Partnerships, large or small, have both informal and formal rescue vehicles available to them.
The insolvency legislation provides two formal mechanisms – partnership voluntary arrangements and partnership administrations, designed to relieve the burden of debt while preserving the underlying business for the benefit of the dentists concerned.
The test for whether or not a partnership is insolvent is whether or not it is unable to pay its debts as and when they fall due, or its assets, when realised in cash, will be insufficient to pay off its debts and other liabilities.
The partnership voluntary arrangement has been available since 1994. The partnership can enter into a binding arrangement with its creditors, including an element of repayment and an element of debt forgiveness, to enable an improved outcome for the creditors and to allow the business to survive.
The support of 75% of creditors in value is needed.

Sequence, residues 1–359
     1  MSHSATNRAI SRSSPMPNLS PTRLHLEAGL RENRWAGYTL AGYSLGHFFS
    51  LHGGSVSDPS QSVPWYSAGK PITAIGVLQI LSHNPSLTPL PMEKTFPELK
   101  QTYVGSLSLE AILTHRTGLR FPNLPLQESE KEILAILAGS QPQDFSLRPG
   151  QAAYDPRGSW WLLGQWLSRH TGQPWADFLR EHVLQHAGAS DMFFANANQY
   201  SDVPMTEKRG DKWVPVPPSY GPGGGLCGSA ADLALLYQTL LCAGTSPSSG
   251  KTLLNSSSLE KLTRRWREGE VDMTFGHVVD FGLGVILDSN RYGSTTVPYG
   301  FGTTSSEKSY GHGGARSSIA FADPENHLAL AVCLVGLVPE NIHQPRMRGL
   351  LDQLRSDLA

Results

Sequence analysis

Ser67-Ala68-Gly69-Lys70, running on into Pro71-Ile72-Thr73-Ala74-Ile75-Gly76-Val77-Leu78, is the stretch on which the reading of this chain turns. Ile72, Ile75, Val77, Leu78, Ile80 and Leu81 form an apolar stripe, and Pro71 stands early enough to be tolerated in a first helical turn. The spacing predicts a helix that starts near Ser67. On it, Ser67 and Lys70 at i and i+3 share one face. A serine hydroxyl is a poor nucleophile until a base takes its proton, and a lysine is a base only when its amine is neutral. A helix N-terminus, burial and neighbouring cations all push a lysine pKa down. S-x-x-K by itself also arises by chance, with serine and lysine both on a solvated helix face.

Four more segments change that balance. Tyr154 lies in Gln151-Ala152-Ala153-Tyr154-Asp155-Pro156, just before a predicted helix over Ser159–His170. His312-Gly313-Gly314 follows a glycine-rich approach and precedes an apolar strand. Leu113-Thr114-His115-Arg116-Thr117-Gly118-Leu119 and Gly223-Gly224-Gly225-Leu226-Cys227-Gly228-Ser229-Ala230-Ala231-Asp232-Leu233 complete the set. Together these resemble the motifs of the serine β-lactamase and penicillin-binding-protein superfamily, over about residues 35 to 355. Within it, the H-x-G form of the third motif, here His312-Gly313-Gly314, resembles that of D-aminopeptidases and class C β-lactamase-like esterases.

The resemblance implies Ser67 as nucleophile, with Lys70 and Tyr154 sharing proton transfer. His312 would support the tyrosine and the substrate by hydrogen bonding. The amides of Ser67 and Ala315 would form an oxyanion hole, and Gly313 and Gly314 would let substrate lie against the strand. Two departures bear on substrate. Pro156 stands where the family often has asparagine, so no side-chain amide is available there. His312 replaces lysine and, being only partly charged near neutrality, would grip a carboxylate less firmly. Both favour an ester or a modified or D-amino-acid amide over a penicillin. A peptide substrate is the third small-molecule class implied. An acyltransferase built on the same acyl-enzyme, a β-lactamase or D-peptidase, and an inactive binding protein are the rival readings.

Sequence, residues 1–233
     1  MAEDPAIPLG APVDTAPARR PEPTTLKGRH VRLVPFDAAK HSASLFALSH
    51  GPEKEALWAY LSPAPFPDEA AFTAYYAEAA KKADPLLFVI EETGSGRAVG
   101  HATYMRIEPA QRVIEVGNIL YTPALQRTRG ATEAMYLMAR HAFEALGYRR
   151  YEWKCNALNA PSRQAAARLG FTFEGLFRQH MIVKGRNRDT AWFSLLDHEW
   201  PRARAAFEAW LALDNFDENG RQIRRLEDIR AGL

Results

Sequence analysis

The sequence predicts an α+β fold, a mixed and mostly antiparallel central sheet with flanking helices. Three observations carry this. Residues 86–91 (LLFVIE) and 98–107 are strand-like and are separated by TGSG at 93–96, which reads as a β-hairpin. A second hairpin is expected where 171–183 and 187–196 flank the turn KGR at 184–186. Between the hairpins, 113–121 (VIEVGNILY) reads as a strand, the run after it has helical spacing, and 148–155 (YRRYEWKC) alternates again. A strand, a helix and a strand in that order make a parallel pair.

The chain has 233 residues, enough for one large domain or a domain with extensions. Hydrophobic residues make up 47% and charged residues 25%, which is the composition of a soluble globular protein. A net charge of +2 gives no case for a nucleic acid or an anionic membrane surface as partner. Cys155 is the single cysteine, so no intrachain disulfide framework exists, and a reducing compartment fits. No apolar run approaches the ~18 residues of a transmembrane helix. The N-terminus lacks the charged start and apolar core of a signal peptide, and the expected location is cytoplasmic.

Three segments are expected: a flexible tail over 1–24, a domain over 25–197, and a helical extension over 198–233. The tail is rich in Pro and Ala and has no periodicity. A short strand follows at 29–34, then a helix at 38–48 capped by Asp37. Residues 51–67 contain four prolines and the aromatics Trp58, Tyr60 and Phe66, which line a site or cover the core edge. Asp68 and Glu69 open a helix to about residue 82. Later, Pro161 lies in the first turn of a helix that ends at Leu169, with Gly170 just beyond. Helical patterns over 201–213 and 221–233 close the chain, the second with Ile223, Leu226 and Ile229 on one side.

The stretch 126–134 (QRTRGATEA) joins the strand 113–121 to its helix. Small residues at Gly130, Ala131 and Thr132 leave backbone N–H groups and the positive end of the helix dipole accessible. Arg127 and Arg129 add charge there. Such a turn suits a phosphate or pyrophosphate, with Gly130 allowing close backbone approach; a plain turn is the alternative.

The partnership administration has also been available since 1994, but was fundamentally altered in July 2005 to allow for the partners to appoint an administrator without needing to make an application to court.
Unlike the partnership voluntary arrangement, a partnership administration provides a period of grace under which no creditors can bring any action against the partnership, enabling the partners to assist the administrator in the best way forward for all stakeholders.
Control of the business in a partnership administration passes to an insolvency specialist whereas in a partnership voluntary arrangement the day to day running of the business remains under the control of the partners.
These rescue vehicles are available to all unincorporated dental partnerships, whether they rely upon purely private patients or a mixture of private and NHS work.
It is vital that if you think that your practice is heading towards running out of cash, you should, as soon as you begin to worry about this, contact professionals who are qualified to advise you on how these, and less formal, rescue vehicles work.